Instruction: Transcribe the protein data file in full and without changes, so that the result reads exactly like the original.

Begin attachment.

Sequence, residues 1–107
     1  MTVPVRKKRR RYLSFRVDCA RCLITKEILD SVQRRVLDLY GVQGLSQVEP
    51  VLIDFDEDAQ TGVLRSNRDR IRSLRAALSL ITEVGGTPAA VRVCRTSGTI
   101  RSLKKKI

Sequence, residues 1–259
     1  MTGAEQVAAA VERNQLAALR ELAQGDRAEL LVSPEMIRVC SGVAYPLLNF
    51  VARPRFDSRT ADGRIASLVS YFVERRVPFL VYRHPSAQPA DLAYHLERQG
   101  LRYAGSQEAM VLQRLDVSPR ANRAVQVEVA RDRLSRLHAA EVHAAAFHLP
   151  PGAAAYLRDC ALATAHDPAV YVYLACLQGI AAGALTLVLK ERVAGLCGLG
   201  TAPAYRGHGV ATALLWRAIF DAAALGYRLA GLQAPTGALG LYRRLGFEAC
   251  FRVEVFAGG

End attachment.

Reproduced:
Sequence, residues 1–107
     1  MTVPVRKKRR RYLSFRVDCA RCLITKEILD SVQRRVLDLY GVQGLSQVEP
    51  VLIDFDEDAQ TGVLRSNRDR IRSLRAALSL ITEVGGTPAA VRVCRTSGTI
   101  RSLKKKI

Sequence, residues 1–259
     1  MTGAEQVAAA VERNQLAALR ELAQGDRAEL LVSPEMIRVC SGVAYPLLNF
    51  VARPRFDSRT ADGRIASLVS YFVERRVPFL VYRHPSAQPA DLAYHLERQG
   101  LRYAGSQEAM VLQRLDVSPR ANRAVQVEVA RDRLSRLHAA EVHAAAFHLP
   151  PGAAAYLRDC ALATAHDPAV YVYLACLQGI AAGALTLVLK ERVAGLCGLG
   201  TAPAYRGHGV ATALLWRAIF DAAALGYRLA GLQAPTGALG LYRRLGFEAC
   251  FRVEVFAGG